Nearly thirty years ago, I embarked on the novel that would – well, not change my life, exactly, but take it in a new direction. Until then, I’d written several novels of indeterminate genre, although a certain criminal element had been creeping into the later ones. Then, two murders in Salisbury in December 1986 made me realize how much I wanted both to create a ‘real’ detective character and to capture the city and landscape in which I grew up.
The Price of Silence was the result – a crime novel in which Detective Inspector Jeff Lincoln unravels the mystery of Holly Macleod, the popular businesswoman found dead in public toilets on the outskirts of Barbury – a market town somewhere near Salisbury Plain. While I sent the manuscript off to agents – such optimism! – I embarked on a sequel (girl’s body found in churchyard; group of middle-aged townsfolk hiding a decades-old secret; Lincoln falls for dead girl’s aunt…) But by the time I realized The Price of Silence was NOT going to be snapped up and published, the middle-aged townsfolk were verging on the geriatric, and the whole plot was looking pretty sad.
But still I didn’t want to let Lincoln go, updating that first manuscript continually and never giving up hope of getting it out there. When I found myself out of a job in 2011, I published it as an eBook (complete with pseudonym) and did nothing to promote it. By the time I’d moved back to the West Country and begun writing a new Jeff Lincoln novel, I was beginning to think The Price of Silence needed a complete overhaul to bring it in line.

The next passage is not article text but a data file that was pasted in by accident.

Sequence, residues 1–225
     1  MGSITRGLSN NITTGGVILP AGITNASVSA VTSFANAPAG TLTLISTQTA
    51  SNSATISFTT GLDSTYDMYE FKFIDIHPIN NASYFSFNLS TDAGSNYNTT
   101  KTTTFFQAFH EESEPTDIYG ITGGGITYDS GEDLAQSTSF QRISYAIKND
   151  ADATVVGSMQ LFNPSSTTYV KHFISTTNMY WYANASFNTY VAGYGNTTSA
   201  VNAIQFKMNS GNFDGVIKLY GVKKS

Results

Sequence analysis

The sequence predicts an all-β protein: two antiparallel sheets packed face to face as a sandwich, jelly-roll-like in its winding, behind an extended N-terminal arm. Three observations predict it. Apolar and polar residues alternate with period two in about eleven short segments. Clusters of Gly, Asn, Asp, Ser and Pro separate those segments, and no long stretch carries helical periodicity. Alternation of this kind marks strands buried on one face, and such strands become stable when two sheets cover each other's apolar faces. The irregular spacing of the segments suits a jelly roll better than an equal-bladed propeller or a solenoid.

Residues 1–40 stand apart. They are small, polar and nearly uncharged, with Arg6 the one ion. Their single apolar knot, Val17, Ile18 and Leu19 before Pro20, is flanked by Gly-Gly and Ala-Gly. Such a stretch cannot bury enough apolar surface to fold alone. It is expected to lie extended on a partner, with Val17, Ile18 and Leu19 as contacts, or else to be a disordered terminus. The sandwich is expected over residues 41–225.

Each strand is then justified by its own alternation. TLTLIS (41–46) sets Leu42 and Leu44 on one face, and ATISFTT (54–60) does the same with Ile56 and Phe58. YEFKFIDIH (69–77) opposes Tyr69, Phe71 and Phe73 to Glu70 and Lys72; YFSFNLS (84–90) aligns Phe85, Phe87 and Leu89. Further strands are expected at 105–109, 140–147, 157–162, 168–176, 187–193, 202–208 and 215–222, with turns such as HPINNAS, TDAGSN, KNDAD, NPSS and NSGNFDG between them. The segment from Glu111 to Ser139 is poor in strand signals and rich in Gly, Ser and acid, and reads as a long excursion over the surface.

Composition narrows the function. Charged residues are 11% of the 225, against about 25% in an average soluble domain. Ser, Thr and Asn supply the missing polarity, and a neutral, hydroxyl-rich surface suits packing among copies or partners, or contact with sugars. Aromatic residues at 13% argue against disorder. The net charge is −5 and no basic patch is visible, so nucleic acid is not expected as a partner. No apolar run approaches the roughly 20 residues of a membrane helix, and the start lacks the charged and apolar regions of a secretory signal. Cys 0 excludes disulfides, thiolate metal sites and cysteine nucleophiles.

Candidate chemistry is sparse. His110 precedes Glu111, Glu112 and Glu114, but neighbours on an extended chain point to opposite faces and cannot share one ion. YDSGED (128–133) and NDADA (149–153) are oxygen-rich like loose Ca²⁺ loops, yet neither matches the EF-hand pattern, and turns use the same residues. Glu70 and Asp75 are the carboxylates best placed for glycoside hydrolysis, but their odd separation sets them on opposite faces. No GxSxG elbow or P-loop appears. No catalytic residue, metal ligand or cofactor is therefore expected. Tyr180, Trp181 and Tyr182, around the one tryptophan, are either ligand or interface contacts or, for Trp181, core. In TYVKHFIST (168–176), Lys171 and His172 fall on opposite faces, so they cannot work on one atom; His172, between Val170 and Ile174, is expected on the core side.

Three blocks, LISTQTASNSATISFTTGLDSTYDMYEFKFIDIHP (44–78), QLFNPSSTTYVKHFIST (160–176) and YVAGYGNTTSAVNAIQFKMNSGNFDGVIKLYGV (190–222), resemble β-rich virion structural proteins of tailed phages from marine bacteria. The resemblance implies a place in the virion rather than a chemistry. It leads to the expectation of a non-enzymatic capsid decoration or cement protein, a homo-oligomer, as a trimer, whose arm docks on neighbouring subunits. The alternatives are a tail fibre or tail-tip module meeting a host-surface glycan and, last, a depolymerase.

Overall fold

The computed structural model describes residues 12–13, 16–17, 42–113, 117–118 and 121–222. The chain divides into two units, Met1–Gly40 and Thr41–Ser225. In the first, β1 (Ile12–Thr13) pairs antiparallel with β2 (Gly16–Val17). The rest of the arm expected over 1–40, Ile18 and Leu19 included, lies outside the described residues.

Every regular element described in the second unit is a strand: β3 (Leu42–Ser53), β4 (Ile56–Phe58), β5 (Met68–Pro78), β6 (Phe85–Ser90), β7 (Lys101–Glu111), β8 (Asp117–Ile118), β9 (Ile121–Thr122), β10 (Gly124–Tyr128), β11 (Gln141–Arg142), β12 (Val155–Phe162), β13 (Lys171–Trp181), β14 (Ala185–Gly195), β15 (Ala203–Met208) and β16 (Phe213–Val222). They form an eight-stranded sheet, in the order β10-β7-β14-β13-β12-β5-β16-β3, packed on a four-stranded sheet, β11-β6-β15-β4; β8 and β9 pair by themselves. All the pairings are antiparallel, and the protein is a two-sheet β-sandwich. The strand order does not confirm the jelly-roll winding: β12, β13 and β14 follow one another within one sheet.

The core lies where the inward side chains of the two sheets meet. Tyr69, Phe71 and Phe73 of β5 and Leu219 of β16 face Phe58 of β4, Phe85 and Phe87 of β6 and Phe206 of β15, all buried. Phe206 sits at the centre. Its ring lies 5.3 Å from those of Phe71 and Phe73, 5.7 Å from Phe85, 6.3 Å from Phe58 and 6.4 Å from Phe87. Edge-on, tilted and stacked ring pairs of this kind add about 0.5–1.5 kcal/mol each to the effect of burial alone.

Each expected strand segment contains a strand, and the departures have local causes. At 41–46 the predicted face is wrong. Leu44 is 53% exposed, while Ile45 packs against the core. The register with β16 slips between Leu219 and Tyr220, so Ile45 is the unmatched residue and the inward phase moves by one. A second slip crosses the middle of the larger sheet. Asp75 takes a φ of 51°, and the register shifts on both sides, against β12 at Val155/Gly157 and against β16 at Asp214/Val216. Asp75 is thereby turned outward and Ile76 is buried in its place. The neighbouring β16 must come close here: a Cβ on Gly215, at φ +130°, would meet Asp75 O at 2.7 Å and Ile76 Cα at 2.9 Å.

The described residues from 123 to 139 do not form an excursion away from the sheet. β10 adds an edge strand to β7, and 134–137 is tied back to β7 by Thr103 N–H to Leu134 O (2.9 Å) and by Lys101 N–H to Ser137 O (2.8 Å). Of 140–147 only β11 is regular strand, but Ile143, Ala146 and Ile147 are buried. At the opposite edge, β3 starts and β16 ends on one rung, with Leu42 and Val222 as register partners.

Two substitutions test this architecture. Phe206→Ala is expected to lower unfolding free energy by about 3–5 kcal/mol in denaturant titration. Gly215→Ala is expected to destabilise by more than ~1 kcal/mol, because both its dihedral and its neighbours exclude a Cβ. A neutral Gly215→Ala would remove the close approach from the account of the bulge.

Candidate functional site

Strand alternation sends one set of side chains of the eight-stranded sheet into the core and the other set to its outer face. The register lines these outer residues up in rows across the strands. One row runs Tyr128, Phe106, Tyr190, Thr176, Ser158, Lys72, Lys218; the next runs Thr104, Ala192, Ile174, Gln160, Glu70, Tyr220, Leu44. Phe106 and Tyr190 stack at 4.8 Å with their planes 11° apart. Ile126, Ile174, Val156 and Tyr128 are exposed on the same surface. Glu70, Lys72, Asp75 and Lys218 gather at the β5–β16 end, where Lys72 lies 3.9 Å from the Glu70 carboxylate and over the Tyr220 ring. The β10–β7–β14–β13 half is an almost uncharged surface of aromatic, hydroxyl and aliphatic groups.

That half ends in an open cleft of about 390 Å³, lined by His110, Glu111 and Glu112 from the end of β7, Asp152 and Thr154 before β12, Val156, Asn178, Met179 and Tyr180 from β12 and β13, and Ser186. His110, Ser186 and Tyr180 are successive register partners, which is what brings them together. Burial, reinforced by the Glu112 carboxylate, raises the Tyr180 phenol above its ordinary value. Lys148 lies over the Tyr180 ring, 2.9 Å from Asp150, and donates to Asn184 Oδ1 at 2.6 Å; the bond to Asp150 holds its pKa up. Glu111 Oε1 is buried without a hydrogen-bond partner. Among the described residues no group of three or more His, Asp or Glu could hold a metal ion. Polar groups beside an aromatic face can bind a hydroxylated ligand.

Once I’d published The Shame of Innocence in 2016 and A Saintly Grave Disturbed in 2017, I was convinced I had to go back and rewrite The Price of Silence. Otherwise, that first novel would always feel like unfinished business. So I unpublished the eBook and, despite second and even third thoughts, started again.
I’m so glad I did. Technology has advanced so much in the intervening years that much of the original plot wouldn’t have unfolded the way it did. From mobile phones to the internet to electronic banking, so much had changed that my only option was a drastic rewrite. I submitted the manuscript to Silver Crow Books in December 2018, and I have now completed the revisions the reader panel and coordinators recommended. I’ve resubmitted it and – fingers crossed – The Price of Silence will be deemed worthy of the Silver Crow logo!
To begin again seemed like a chore at first, but before long it felt good to be giving D I Jeff Lincoln and his team the start he deserved!
The submissions window for Silver Crow Books is closed now until September 1st 2019. Check out the websites for Silver Crow and Frome Writers’ Collective.